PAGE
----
One Piece of Paper, Four Simple Questions: Business Plans 101

I offered to help a family member with a business plan. I was so excited when he took me up on the offer, I dashed off a note saying, “Here’s where you start.”

Back when I was in b-school, entrepreneurship professor Wendell Dunn had us write one page venture papers.

Yes, we might have world beating business ideas, but we needed to be able to describe them on one piece of paper.

He also assigned us approximately 10 pounds of reading. I derived the 4 questions from one of these articles. I have to admit that there was a brown-nosing, toady-ish, element to my derivation of the questions. I was thinking, “How can I get my idea across in one page, and have the result meet the professor’s approval?”

Oh yeah, I’ll look at what he assigned us to read.

I’m looking for the article, so I can cite it here. But today, a serious number of years later, these questions have become so part of my DNA that I was able to spin them out in a 2 minute email between meetings during the workday. (That is good teaching. Thank you, Wendell.)

  • What is the opportunity?
  • Why am I the person to bring this opportunity to life?
  • What resources will I need?
  • How will I get them?

In the following posts, I’ll explore each of these questions, and also talk about business planning software (I’m against it) and some good books to read.

But if you want to write a business plan — whether you’re a yoga teacher or massage therapist who works on your own, or you’ve invented something better than TiVo, or you want to grow your existing business into a new arena — where do you start?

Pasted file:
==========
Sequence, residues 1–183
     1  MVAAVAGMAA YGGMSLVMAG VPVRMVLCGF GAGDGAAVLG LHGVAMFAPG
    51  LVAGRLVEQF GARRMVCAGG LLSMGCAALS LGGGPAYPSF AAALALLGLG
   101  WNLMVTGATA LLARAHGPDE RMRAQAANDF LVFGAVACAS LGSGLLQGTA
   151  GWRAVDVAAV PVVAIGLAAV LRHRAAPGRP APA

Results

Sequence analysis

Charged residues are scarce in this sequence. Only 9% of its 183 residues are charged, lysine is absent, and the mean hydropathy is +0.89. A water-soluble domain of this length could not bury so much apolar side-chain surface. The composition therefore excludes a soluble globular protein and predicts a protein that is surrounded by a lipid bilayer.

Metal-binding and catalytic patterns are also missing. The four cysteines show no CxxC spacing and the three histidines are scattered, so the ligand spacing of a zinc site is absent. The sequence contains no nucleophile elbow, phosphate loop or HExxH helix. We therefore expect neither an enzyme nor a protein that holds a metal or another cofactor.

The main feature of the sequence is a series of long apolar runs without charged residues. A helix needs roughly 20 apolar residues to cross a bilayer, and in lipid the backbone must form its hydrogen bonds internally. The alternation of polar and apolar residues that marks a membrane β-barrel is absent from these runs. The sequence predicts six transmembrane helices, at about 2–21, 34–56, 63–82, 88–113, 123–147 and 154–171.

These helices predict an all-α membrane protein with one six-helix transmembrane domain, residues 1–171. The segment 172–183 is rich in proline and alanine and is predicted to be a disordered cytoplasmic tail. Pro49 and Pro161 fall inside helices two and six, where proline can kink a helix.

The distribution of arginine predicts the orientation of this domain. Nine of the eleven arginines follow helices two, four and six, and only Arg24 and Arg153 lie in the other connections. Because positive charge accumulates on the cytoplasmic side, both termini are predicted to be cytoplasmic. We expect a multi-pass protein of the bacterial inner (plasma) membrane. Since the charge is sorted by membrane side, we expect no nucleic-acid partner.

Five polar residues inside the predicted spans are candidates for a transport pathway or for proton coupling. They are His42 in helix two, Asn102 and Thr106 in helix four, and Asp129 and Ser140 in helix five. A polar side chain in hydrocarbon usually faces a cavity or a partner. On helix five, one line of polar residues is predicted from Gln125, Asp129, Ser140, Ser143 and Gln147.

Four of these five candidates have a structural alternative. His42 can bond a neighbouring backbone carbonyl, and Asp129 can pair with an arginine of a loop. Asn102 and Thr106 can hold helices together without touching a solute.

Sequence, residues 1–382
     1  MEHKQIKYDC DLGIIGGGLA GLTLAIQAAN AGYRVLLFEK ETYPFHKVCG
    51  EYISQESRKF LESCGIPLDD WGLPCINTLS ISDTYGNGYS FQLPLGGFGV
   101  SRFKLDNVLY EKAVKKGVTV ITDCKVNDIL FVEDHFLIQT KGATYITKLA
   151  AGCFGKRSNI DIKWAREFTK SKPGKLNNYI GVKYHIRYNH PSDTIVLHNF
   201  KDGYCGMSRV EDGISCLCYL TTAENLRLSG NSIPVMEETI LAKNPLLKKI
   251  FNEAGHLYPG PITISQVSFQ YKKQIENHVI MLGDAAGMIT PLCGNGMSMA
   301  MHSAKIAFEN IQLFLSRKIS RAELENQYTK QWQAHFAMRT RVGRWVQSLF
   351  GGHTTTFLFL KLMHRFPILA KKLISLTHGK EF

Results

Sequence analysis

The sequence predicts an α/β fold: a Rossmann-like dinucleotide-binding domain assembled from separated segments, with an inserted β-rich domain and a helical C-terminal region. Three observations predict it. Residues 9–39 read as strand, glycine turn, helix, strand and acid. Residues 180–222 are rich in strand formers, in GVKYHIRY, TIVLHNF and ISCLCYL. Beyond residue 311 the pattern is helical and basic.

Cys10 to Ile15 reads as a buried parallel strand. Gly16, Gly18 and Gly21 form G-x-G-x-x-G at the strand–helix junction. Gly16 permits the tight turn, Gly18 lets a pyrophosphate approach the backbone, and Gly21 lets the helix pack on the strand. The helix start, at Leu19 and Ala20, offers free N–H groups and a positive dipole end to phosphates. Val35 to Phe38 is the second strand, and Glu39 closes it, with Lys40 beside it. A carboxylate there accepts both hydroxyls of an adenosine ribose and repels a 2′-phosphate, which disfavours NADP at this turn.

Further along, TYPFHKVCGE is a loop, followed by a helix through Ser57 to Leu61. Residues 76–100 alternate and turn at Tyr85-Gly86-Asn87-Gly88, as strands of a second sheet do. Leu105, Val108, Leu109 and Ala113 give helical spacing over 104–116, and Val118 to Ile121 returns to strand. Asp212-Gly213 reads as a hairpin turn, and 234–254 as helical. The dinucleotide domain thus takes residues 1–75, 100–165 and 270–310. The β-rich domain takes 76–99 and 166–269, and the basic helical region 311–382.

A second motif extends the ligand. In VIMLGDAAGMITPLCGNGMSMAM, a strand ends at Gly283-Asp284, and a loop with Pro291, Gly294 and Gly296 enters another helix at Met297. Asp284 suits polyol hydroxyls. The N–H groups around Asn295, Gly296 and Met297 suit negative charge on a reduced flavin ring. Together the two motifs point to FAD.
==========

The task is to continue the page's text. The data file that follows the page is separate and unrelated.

One piece of paper.

4 thoughts on “One Piece of Paper, Four Simple Questions: Business Plans 101

  1. Rebecca, thanks for your comment! The next post I have planned on the topic is “Why do you need a business plan?”Interesting point you make, too…is there a particular business sector where you’ve seen a particular decrease in the use of business plans?Thanks for stopping by! Be well.

  2. Kind words, Anne, thank you!Happy the concept has served you well. What a lot of people don’t realize is that it’s harder to write one really, really good page than thirty mediocre ones.Keep up the good work.Best wishes from ‘Down Under’

  3. Wendell, thanks for stopping by! The blogosphere is an amazing place, it is nice to see you swimming in my vicinity in this enormous ocean of people and ideas.These questions, and many others from your class, have been quite influential in work I’ve done as a manager and consultant, and in my own management of my career. (And I still have a coffee with Elliot every so often, and will do so again in early January!)Be well, enjoy New Zealand, and thank you so much for everything.

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